By Lindsay Toler
By Chad Garrison
By Brett Koshkin
By RFT Staff
By Lindsay Toler
By Riverfront Times
By Danny Wicentowski
By Pete Kotz
Having polished off the wedding cake that accumulated on 07/07/07, Unreal was shocked to learn that the Show-Me state is home to two communities that sit at opposite poles of the marriage divide: O'Fallon and Independence.
According to the venerable Pew Research Center, O'Fallon, fresh from its victory lap after placing 39th on Money magazine's 2006 "Best Places to Live" poll, boasts a 69 percent marriage rate the highest in the nation.
Meanwhile, folks across the state in Independence registered an 18 percent divorce rate the country's fourth highest.
"I'll be dogged," exclaims a surprised Don Reimal, mayor of Independence. "Our economy is good. We have 160 or 170 churches in town. It's a laid-back community. We're not under a lot of pressure."
Maybe that's the problem. According to U.S. Census data, Independence's population has been stagnant since 1990, changing less than one percentage point. What's more, more than half of all Independencians have lived in the same home for more than five years.
Compare that to wedded O'Fallon, a city that has witnessed its population explode by more than 150 percent since 1990. This is a town with an 89 percent home-ownership rate. That said, only 39 percent of O'Fallinos have lived in the same house for more than five years.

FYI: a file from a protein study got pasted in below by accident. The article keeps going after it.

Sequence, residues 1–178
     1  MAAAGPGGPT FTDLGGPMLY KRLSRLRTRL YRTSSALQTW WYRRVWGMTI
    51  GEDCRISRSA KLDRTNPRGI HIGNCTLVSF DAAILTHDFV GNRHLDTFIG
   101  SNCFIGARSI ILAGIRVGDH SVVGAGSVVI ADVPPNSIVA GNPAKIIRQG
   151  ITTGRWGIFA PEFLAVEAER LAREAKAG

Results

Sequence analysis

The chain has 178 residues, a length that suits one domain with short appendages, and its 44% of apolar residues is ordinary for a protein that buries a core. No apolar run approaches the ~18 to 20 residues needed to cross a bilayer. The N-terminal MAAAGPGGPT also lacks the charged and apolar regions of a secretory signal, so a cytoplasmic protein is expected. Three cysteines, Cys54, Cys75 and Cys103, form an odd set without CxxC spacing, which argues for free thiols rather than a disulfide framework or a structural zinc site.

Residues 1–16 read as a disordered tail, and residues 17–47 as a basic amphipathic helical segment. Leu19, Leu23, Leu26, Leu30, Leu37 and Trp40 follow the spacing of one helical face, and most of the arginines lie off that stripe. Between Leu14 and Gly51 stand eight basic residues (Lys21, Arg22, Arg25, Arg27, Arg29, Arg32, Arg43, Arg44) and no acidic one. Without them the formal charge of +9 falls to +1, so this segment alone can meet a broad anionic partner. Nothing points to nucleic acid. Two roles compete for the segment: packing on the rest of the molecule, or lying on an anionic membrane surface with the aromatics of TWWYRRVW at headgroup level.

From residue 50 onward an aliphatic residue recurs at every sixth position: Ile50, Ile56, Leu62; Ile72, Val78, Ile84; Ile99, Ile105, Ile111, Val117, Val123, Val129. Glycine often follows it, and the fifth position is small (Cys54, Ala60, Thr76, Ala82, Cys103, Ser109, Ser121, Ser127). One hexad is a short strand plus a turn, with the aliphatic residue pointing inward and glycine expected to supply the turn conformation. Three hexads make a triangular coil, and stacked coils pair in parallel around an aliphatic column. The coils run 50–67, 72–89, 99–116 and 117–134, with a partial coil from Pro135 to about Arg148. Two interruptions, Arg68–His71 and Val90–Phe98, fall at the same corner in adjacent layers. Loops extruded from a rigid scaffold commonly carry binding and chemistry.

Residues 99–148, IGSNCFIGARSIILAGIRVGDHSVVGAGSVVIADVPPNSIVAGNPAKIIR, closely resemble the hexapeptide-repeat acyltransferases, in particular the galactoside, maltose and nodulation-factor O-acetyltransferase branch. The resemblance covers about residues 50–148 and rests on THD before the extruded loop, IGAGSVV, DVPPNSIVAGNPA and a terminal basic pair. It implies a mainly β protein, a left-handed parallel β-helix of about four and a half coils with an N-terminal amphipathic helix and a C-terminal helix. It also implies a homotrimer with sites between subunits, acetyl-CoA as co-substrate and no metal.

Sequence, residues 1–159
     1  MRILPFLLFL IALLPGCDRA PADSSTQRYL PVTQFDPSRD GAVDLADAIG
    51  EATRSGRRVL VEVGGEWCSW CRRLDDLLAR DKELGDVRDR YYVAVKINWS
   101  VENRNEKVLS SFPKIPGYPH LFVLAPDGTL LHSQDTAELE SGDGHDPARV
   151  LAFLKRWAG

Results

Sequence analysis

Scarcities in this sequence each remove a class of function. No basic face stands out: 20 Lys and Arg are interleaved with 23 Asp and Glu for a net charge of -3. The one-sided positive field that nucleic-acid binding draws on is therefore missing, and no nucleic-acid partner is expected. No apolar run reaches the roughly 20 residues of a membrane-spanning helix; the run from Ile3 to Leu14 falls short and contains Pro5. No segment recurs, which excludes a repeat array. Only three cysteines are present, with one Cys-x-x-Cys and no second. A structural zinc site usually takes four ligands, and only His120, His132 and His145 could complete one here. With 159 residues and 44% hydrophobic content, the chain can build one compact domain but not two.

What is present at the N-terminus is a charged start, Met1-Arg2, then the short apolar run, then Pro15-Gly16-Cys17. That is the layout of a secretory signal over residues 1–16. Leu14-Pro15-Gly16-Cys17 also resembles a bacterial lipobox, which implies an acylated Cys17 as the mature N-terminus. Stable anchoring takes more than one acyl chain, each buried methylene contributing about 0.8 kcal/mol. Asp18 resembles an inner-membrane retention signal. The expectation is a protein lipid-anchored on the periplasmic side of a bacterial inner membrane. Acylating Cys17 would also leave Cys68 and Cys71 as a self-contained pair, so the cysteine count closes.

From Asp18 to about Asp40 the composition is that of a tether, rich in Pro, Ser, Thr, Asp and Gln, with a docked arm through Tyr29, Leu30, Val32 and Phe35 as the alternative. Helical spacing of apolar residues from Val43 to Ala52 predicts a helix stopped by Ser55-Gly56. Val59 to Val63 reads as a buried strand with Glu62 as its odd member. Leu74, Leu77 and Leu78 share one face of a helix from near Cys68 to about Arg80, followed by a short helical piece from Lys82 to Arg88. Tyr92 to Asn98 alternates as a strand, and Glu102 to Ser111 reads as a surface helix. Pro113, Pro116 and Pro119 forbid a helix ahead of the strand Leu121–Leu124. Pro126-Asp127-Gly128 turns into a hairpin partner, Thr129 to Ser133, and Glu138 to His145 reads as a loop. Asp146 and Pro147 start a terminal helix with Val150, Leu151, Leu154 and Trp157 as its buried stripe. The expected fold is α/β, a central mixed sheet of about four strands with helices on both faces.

OK. So O'Fallon's growing. Does that explain this city's license to wed?
"I wouldn't even know where to start," says Mary Wilson, the city's public-relations chief. "Like any other city that grows, more and more families are moving in because they find that O'Fallon is a great place to live. The city prides itself on family values and having lots of things to do for families."
Not surprisingly, Mary Wilson is married: "At this point I think I'm at that age where everyone I know has gotten married," she says.
Down but not out, Mayor Reimal says he knows plenty of married folks in his burg.
"I know people that have dated their significant other in high school and been married after high school and are still married today. My secretary is one of 'em; I'm one of 'em. Many of our friends, it's the same thing," says the mayor, who adds that his hands are tied when it comes to keeping his constituency wed. "Our budget's not big enough for me to be paying people to stay married, but I've been married 43 years and I have no desire to break another one in."